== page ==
The Virgin’s Passion

A review of the art piece, Diptych, found at the Minneapolis Museum of Art.

This paper presents a description of the piece of art known as Diptych, which portrays a series of scenes from the life of Christ, beginning with the Annunciation and proceeding through his birth, adoration by the Magi, betrayal, death, ascension, and the final gift of his spirit to the people at Pentecost.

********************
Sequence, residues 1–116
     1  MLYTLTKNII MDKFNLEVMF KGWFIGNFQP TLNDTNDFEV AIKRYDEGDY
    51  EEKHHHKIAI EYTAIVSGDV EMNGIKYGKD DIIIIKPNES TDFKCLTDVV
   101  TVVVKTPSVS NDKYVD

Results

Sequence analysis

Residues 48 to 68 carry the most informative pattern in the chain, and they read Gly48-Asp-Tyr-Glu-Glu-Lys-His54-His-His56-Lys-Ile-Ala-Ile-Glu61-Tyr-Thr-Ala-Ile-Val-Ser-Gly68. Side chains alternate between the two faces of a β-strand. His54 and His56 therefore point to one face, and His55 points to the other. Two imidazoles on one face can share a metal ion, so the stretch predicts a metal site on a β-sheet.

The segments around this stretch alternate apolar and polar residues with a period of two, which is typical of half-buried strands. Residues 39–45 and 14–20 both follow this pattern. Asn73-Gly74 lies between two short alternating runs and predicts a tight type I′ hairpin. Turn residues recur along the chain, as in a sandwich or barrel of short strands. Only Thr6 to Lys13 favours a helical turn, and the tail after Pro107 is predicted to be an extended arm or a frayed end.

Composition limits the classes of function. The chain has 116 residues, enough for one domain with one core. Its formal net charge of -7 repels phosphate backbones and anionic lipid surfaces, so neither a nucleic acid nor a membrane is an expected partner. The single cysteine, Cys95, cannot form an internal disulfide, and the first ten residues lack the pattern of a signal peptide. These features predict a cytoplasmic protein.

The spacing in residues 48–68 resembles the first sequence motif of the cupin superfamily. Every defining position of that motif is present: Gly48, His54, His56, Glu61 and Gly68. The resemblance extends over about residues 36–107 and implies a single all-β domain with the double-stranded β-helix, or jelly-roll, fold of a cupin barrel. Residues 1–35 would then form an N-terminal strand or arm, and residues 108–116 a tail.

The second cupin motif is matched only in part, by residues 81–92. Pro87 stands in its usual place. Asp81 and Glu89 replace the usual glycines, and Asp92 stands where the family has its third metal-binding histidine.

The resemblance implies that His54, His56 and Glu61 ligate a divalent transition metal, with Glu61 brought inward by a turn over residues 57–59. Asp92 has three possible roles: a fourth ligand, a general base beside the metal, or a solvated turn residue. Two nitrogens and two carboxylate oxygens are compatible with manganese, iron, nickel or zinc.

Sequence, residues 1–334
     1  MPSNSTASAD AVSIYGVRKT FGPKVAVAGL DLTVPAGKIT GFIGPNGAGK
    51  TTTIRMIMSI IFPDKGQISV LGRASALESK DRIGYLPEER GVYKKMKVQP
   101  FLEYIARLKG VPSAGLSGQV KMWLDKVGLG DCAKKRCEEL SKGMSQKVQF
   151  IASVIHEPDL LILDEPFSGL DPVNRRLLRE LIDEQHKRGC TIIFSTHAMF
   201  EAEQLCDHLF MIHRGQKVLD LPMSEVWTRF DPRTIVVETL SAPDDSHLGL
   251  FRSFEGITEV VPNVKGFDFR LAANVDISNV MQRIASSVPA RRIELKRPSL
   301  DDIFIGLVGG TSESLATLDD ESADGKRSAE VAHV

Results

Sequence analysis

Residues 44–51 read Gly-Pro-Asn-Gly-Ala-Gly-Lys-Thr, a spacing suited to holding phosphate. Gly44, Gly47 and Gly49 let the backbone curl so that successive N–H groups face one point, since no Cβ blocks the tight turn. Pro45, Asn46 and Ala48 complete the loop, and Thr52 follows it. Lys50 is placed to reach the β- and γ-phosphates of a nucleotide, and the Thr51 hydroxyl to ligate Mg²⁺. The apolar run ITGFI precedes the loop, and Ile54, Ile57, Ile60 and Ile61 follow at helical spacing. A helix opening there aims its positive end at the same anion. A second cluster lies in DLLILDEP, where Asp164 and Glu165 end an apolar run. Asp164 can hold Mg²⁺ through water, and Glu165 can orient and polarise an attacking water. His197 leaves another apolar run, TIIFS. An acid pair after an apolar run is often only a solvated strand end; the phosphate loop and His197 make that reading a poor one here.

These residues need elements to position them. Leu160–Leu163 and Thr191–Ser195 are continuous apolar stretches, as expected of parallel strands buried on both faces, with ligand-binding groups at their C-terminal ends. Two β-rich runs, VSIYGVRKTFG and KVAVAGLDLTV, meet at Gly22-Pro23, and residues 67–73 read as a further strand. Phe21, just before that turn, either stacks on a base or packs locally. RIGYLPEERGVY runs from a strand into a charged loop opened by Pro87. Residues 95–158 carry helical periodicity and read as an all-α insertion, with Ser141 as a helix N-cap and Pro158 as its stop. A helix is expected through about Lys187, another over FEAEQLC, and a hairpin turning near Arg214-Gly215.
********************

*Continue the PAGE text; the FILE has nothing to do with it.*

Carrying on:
Stylistically, this piece seems both common to its time and yet also enlightening as to its historical moment. There is a certain classical stylization to the flow of the drapery and clothing about the figures which has evolved from the more formless shapes of the earlier middle ages, and hints at an evolving classicism and awareness of form that heralds the oncoming Rennaissance. The characters are in constant contorting motion, and the drapery about them is used to accentuate the angles at which they are caught, and an articulated body is visible below. In the Gothic figure no such differentiation exists (Iskold), until the Gothic begins to blend into the Rennaissance.